Mexico City • In a country of limits, it is the restriction that many Cubans hate the most: the exit visa that the government requires for travel abroad but rarely grants.
Now that bureaucratic barrier is on its way out. The Cuban government announced Tuesday it would terminate the exit visa requirement as of Jan. 13, letting many Cubans depart for vacations, or forever, with only a passport and a visa from the country where they plan to go.
The new policy — promised by President Raul Castro last year, and finally announced in the Communist Party newspaper — represents the latest significant step by the Cuban government to answer demands for change from Cubans, while also maintaining significant control.
Cuba’s doctors, scientists, military officers and other professionals have long faced tight restrictions on travel, and the new policy includes a major caveat allowing the government to limit departures to “preserve the human capital created by the Revolution in the face of the theft of talent applied by the powerful.”
But it also gives Cubans leeway to stay abroad longer, letting them remain outside the country for two years before losing their rights to property, citizenship and benefits like health care, an increase from 11 months under the current policy.
Analysts say the government is encouraging more Cubans to travel so that they can go earn money elsewhere and return, injecting capital into the island’s moribund economy. Whether that creates a temporary — or permanent — mass exodus, Cubans and experts say, will be determined by how many people have the means and passports to leave, and which countries welcome them.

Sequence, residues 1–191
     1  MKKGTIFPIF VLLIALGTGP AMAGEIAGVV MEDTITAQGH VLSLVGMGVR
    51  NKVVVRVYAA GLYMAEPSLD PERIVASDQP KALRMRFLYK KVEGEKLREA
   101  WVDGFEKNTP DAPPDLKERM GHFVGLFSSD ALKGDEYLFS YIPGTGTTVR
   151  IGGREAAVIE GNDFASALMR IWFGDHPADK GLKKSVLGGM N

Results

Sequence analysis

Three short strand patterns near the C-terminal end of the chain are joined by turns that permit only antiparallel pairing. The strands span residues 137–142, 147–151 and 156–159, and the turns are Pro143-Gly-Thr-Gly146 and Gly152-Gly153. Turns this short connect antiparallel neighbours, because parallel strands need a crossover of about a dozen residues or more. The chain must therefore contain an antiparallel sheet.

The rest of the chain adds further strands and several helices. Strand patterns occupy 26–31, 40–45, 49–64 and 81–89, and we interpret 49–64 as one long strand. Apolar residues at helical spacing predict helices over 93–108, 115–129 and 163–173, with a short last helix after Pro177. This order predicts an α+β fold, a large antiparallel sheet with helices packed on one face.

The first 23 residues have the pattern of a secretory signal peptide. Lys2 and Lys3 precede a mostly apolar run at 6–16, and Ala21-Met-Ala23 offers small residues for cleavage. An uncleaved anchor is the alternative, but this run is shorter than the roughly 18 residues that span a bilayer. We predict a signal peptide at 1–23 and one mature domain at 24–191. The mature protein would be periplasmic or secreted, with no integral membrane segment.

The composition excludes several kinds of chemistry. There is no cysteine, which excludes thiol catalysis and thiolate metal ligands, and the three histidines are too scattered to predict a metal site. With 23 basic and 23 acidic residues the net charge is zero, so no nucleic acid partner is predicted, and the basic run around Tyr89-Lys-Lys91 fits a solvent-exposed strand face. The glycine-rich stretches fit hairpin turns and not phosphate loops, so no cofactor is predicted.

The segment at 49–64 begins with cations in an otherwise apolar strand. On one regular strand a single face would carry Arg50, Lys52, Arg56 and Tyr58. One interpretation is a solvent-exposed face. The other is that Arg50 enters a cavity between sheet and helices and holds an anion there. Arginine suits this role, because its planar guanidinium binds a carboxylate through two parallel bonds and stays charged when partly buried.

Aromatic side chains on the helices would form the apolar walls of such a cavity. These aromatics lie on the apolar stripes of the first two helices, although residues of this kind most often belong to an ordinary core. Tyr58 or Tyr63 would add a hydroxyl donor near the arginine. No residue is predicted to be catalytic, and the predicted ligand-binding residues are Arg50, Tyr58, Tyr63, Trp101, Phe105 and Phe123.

“The decision to lift the exit visa is a significant one for several reasons, although like most of the new reforms, it depends a great deal on how it is implemented,” said Robert Pastor, professor of International Relations at American University. “Nonetheless, by removing a state barrier to leave, this reform could lead to a large outflow — many of whom will eventually want to come to the United States — or it could begin to allow a circular flow of people that could enhance the economic opening of the island.”
Many Cubans have remained skeptical about Castro’s commitment to change, noting frequently that celebrated new laws were later larded with restrictions and taxes.
U.S. officials said they were still studying the new policy to determine its potential impact.